Tonight marks the eve of my father’s quadruple bypass surgery.
As I lie awake tonight failing to get any sleep in anticipation for the big day, I can’t help reflecting on some of the most profound and enduring lessons I have ever learned in my life: the lessons my father has taught me.
Some lessons he’s taught me directly, and others he never actively tried to teach me. He simply lived them. Here’s a few of the top ones that come to mind.
Family comes first
From an early age my father taught me the value of family, and how important it was to be at peace with this subject. He’s always used the analogy of having a strong foundation at home, so that you can support any storm that comes your way later on. Over the years he’s always shown unconditional love for every one in the family and I’ve lost count of the multiple times he’s stepped up to support us through anything, no matter how stressful or busy his own day was.
I feel like my dad’s written the book on integrity. I admire the way he always has stood by his word, and takes accountability for his actions, at times having admitted to his mistakes and sharing what he’s learned. Never making false promises and teaching me to always under promise and over deliver. He’s without a doubt the most reliable person I know. He’s taught me about the importance of respect and trust, and that once lost, it’s very difficult to get either one back.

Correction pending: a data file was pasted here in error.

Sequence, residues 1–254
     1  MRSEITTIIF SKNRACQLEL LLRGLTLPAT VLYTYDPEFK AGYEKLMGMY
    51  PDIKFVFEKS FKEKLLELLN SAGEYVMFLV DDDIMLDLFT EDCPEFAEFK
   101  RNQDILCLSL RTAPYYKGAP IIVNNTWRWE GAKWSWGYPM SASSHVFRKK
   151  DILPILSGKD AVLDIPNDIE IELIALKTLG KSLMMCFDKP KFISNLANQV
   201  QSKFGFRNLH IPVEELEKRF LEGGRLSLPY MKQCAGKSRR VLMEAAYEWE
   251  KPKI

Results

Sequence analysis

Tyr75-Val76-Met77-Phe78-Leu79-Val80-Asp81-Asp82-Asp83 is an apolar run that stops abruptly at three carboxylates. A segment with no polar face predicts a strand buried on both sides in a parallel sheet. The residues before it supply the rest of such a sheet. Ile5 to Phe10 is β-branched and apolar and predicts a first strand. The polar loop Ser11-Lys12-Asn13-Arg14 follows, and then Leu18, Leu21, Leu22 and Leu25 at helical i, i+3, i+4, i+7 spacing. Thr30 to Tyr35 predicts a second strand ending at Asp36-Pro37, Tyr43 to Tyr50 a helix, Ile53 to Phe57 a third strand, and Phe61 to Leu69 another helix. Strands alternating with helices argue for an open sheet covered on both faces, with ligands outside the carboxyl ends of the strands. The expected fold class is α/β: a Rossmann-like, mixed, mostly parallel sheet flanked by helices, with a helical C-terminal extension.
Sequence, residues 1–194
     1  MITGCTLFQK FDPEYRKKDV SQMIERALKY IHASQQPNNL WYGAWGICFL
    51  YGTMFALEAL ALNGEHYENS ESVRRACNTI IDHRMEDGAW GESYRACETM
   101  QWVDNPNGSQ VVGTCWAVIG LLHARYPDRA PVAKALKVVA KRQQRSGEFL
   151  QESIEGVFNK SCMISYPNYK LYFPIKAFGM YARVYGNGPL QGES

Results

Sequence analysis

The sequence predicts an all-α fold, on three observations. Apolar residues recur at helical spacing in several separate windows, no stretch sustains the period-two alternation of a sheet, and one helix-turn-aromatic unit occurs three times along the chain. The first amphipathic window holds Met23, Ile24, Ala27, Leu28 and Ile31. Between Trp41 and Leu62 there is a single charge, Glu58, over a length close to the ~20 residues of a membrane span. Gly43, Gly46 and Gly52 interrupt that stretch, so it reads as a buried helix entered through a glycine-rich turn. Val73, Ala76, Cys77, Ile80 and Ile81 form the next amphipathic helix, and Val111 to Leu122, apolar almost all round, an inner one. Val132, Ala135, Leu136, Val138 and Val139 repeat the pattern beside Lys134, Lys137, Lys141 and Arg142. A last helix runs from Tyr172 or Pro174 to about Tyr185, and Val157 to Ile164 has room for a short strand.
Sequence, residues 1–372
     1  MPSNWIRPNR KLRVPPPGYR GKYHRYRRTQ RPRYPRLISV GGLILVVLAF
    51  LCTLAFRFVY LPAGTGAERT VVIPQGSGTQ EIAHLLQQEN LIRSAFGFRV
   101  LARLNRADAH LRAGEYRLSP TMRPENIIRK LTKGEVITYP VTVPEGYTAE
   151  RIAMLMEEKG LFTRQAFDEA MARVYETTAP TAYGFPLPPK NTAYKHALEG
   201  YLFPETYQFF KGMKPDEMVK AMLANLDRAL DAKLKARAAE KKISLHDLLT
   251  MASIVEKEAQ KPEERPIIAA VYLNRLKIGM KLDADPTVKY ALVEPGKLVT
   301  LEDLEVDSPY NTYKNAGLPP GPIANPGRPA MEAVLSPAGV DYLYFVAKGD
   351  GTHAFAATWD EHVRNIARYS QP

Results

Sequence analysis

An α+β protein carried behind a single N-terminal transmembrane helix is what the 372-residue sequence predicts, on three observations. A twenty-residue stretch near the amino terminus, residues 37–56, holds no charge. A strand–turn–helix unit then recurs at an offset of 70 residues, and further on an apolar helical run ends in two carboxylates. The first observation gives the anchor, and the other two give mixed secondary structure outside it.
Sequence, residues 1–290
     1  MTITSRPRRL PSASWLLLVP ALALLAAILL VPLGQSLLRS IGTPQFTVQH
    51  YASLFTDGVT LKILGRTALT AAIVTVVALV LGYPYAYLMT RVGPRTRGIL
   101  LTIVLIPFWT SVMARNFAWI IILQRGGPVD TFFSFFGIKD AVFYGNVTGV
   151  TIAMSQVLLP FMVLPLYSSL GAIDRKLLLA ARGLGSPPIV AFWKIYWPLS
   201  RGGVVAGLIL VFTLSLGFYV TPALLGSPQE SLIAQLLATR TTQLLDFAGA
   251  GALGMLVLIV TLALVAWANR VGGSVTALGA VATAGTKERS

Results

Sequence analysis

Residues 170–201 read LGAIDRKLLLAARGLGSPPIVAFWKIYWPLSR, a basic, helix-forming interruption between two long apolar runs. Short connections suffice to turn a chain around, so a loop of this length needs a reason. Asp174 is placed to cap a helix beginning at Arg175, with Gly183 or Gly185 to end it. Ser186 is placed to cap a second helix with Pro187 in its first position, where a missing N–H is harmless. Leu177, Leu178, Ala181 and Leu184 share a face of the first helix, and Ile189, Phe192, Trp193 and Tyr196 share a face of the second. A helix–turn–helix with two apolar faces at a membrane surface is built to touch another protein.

Persistence and patience
My first lessons on persistence and being patient came as a child as we spent our weekends and summers away from the city, in a farm where my father would teach me how to plant all kinds of seeds and wait for them to grow. Oranges, bananas, lemons, cherries, corn, papaya, mandarins, tomatoes and lettuce were just a few of the many seeds I cared for under my dad’s supervision as a kid, and in time these lessons sank in and changed my life forever. There’s nothing wrong with wanting things “yesterday,” but the satisfaction of getting something after putting in the time is far greater and deeper than anything achieved overnight.
My dad’s work ethic is impeccable. He’s taught me the value of being punctual and working harder than anyone else. He used to tell me how important it was to do your very best every day, no matter what your job title was. Whether just starting out as an Intern, being a well seasoned employee in a large company, or filling the shoes of a CEO, he’s taught me the importance of giving the absolutely very best you can every single day. Hard work pays off.
When I was a child, my dad would come into my room and drop a book on my bed, asking me to read it. He didn’t do it often, but every time he did I would rush to start reading it, as over the years every single book he recommended proved to be a worth story with lots of profound meaning.